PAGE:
As Core Inflation Continues To Slow The Fed Will Likely Be On Track For A Pause In Rate Hikes


The Bureau of Labor Statistics released the August Consumer Price Index This Week in Real Estate which showed inflation accelerated in August for the second consecutive month, however, core inflation continued to slow to its slowest pace since September 2021. The Federal Reserve meet next week to deliberate monetary policy. Fed officials pay closer attention to core inflation with many believing this week’s report likely keeps the Fed on track for a pause in rate hikes allowing the previous 11 increases to continue working their way through the economy. Recent remarks from officials have indicated a more cautious approach ahead. “Overall, there is nothing here to change the Fed’s plans to hold interest rates unchanged at next week’s Federal Open Market Committee meeting,” said Andrew Hunter, deputy chief U.S. economist at Capital Economics. Below are a few newsworthy events from the second week of September that influence our business: 

What Experts Project for Home Prices Over the Next 5 Years. While you may have seen negative news over the past year about home prices, they’re doing far better than expected and are rising across the country. And data shows, experts forecast home prices will keep appreciating. Even though home prices vary by local market, experts project prices will continue to rise across the country for years to come. Pulsenomics polled over 100 economists, investment strategists, and housing market analysts in the latest quarterly Home Price Expectation Survey and the results show home prices will go up every year through 2027 – 3.32% (2023), 2.17% (2024), 3.24% (2025), 3.79% (2026) and 4.18% (2027). According to the experts, home prices are expected to grow over the next five years at a more normal pace.  Read the full story here.

A Fall Reprieve Unlikely as Mortgage Rates Inch Up. Mortgage interest rates inched upward this week, dampening hopes for some relief heading into the fall season. The 30-year fixed-rate mortgage averaged 7.18% this week, according to the latest Freddie Mac survey. That’s up from 7.12% a week ago, and rates have now been above 7% for more than a month. Rising inflation, coupled with an economy that remains strong despite a series of rate hikes, is keeping mortgage rates elevated, said Sam Khater, Freddie Mac’s chief economist. While most analysts are not expecting another interest rate hike at next week’s Federal Reserve meeting, a decline in mortgage rates in the second half of 2023, which many economists had predicted earlier in the year, hasn’t materialized. The combination of high interest rates and rising home prices is a double-whammy for homebuyers. The National Association of Realtors’ Housing Affordability Index was at 87.8 last week, the lowest level since July 1986. “The Fed needs to stop rate hikes as the impact on housing consumers is clear,” said Jessica Lautz, deputy chief economist at NAR. “Even as housing demand cools this fall, inventory will still be low and prospective home buyers who can make the numbers work at interest rates around 7% will still have to act quickly,” said Lisa Sturtevant, chief economist at Bright MLS. Mortgage applications dropped another 0.8% last week, according to the Mortgage Bankers Association. They are now down 27% compared to a year ago and are at the lowest level since 1996, according to Joel Kan, MBA’s deputy chief economist. Read the full story here.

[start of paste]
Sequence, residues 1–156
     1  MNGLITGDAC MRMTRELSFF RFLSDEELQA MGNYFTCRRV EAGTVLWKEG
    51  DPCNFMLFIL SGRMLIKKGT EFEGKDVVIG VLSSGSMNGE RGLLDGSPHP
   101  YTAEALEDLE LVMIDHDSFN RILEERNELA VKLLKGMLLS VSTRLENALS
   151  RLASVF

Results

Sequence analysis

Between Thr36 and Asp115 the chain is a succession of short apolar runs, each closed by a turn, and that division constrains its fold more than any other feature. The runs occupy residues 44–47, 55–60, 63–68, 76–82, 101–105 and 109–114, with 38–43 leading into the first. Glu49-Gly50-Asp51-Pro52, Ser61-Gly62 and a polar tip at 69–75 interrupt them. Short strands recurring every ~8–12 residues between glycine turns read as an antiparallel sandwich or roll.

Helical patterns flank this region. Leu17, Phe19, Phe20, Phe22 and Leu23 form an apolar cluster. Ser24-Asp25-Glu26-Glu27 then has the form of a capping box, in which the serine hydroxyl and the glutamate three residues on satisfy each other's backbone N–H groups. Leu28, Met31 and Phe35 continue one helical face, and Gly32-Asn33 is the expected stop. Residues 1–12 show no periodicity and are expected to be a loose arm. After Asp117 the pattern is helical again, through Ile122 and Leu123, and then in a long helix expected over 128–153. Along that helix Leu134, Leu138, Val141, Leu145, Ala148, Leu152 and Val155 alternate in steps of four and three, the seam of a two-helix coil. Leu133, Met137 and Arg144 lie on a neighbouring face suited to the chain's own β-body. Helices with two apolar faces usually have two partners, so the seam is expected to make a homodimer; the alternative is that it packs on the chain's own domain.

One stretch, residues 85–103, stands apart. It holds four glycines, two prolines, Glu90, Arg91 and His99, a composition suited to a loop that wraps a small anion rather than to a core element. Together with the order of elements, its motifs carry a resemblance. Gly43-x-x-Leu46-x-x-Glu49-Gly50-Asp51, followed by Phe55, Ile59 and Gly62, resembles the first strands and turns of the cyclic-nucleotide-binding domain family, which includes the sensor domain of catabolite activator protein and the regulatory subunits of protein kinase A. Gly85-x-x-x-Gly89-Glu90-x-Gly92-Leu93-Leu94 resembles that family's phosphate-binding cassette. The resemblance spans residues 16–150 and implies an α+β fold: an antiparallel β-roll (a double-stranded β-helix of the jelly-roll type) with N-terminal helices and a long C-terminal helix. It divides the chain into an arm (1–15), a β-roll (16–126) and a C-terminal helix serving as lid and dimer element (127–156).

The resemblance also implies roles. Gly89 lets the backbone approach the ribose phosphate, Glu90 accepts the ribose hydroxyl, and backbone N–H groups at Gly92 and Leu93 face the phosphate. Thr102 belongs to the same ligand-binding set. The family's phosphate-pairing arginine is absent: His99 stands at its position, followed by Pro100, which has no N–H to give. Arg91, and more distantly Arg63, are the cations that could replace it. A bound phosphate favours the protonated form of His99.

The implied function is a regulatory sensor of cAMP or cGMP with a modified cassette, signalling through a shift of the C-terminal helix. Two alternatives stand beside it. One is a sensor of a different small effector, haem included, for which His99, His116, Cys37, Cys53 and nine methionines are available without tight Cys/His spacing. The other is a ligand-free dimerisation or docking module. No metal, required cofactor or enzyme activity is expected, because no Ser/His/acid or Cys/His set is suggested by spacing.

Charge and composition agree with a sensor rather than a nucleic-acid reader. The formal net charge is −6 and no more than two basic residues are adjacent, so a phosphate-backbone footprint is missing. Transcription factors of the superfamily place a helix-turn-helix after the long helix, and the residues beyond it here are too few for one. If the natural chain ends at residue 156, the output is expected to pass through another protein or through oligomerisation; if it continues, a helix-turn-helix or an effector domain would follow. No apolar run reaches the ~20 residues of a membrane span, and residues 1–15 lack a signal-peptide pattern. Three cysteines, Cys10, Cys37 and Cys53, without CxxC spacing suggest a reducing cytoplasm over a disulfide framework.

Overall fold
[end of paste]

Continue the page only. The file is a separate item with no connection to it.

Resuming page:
Single-Family Permits Decline in July 2023. Over the first seven months of 2023, the total number of single-family permits issued year-to-date (YTD) nationwide reached 527,158. On a year-over-year (YoY) basis, this is 18.4% below the July 2022 level of 645,877. Year-to-date ending in July, single-family permits declined in all four regions. The Northeast posted the lowest decline of 12.1%, while the West region reported the steepest decline of 25.1%. The South declined by 16.5% and the Midwest declined by 18.0% in single-family permits during this time. Year to date through July compared to the same time period prior year, Oregon and Washington reported declines in single-family permits of 16.6% and 23.1%, respectively. Year-to-date, ending in July, the total number of multifamily permits issued nationwide reached 337,730. This is 14.3% below the July 2022 level of 394,215. Year-over-year Oregon reported an increase of 2.4% and Washington reported a decrease of 32.7% in multifamily permits. Read the full story here.

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